This dataset only provides connections among the superheroes in Marvel Universe, villains are not included.

We filtered out only the Marvel characters. The dataset include information about the character’s name, identity(secret/public), alignment, eye color, hair color, gender, status(living/deceased), appearances, first appearance, universe. This dataset provides information for characters regardless of their alignment.

  • The Superhero Ability Scoreboard

This dataset is about ten superheroes that have the most nodes from the networking dataset. It includes their fan-given scores on their abilities (intelligence, strength, speed, durality, combat). We collected the raw data from


The Marvel Networking Graph

For the superhero networking graph, we decided to go on with the work that Xingya had done for the Gephi lab.  

Visualization from Xingya’s last Marvel networking project

We wanted to give a general outlook of the superhero’s network in the sense of who usually hang out together or who is the “it” superhero, and we wanted it to be visually aesthetic, so we decided to keep using the Yifan layout. It has a beautiful circular layout and viewers can recognize different superhero groups and their relations by different colors. However, it was a little bit challenging to see the main characters in the original graph, because both the node size and the text are small and clustered.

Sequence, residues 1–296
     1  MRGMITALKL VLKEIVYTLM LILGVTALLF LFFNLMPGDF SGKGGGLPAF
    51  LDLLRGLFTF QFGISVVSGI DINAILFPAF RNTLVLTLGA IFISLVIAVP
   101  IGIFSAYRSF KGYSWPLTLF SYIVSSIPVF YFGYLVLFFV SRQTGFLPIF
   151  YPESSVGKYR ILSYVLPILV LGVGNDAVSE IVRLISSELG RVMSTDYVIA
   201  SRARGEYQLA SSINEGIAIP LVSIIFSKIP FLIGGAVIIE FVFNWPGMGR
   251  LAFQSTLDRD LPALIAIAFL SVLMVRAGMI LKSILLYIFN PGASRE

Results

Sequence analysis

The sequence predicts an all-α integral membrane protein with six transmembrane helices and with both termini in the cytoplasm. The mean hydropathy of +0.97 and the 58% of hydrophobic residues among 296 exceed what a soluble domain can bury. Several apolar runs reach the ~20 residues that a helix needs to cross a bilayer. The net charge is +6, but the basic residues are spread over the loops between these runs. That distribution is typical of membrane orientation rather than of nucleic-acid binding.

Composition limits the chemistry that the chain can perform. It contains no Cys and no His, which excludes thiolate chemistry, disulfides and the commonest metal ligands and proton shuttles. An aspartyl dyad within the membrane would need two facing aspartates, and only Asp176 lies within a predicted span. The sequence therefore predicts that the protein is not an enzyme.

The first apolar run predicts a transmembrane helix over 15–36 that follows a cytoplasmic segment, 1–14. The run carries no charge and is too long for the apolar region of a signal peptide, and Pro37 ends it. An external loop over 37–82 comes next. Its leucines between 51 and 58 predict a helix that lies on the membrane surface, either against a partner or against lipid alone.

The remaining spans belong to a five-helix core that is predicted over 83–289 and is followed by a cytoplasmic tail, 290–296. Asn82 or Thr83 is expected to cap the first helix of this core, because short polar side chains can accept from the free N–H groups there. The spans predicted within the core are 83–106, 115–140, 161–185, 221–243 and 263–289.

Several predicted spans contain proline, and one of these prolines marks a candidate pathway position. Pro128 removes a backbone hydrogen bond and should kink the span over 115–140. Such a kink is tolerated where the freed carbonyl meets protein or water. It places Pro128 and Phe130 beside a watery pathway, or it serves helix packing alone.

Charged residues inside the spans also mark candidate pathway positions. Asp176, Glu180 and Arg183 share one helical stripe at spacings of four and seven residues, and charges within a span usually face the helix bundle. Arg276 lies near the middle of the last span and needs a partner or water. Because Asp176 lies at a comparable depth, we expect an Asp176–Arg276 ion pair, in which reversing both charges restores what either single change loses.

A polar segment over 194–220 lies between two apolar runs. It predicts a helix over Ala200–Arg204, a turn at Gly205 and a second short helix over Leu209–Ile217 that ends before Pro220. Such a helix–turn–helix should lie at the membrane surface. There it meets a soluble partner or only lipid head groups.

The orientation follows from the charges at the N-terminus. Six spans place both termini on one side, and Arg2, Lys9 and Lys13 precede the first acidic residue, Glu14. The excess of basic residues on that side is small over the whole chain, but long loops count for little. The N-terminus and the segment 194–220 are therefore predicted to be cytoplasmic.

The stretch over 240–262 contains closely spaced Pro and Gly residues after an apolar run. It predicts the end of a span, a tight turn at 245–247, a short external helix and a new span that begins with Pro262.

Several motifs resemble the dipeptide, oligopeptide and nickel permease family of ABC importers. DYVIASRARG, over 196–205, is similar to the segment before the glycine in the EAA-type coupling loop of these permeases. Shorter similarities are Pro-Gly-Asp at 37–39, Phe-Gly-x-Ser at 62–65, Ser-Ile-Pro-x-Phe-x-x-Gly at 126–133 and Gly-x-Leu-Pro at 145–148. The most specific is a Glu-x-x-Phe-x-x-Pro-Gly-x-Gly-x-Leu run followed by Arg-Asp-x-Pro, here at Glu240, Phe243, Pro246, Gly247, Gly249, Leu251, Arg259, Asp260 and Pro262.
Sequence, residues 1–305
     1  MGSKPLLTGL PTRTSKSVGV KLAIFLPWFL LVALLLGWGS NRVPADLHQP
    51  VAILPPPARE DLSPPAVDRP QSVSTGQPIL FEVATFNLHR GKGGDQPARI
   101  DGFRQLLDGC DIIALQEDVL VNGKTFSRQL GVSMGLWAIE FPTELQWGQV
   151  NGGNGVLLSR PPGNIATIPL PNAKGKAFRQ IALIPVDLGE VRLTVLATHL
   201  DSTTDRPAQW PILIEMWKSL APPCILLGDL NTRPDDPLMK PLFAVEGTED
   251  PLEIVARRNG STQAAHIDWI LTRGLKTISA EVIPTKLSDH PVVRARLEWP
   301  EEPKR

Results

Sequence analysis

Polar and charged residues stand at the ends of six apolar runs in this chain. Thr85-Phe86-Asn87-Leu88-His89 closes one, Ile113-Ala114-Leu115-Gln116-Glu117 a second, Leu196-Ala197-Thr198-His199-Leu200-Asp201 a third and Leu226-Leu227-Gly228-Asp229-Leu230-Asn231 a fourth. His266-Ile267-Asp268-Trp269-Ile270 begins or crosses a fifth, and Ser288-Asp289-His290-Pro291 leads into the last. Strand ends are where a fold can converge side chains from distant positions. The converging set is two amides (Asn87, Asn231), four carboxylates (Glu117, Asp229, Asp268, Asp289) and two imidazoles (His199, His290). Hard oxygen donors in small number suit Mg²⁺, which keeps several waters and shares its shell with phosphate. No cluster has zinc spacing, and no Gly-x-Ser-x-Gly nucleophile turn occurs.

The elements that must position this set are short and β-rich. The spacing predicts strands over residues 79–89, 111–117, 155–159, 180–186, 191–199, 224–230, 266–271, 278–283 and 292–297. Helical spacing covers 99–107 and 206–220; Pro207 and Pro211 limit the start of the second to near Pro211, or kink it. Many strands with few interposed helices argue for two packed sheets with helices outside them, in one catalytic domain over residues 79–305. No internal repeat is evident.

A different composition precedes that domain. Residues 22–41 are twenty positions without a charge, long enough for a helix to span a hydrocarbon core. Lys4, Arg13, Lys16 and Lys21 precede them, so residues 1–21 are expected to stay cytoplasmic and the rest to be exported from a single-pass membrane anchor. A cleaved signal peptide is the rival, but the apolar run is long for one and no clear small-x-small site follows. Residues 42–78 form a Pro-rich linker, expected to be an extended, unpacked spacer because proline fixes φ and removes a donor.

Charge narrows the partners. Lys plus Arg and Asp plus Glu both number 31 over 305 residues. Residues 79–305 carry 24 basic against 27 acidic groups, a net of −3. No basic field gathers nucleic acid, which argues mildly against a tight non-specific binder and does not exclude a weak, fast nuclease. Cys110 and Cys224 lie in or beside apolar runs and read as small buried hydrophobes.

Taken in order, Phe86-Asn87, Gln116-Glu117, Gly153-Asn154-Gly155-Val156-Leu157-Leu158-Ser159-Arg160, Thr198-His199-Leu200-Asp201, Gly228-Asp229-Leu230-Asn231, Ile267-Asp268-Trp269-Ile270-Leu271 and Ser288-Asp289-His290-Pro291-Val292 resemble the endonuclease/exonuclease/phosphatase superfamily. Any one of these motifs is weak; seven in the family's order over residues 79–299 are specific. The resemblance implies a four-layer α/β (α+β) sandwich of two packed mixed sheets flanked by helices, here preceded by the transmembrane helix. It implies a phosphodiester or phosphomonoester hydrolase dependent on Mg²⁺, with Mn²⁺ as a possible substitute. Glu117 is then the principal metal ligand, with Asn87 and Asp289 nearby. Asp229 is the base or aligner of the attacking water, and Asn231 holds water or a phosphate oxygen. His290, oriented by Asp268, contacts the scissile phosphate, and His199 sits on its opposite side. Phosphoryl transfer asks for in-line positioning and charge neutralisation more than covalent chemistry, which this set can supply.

What we did is to expand the size of the graph, further spread out the nodes, make the nodes bigger, and to use the “non overlap” function to avoid overlapping. Also, to make the centred characters more stand out and easier to be visually perceived, we decided to get rid out all the hero’s name labels, and use their profile pictures instead. We selected the most representative characters from each superhero groups, found their profile picture on the internet, and used Adobe Photoshop to put them on each nodes that they belonged to. This idea was inspired by an interactive map called Marvel Cinematic Universe we found on The Straits Times. We really liked the flattened affect that illustration images have provided, so we used some of their superhero profile pictures on our graph and found more similar images from the internet.

Marvel Cinematic Universe from The Straits Times

We also applied another set of palettes to different superhero groups to make it more visually pleasant. To make the graph more comprehensible, we also made a legend so people could easily understand what the different colors stand for.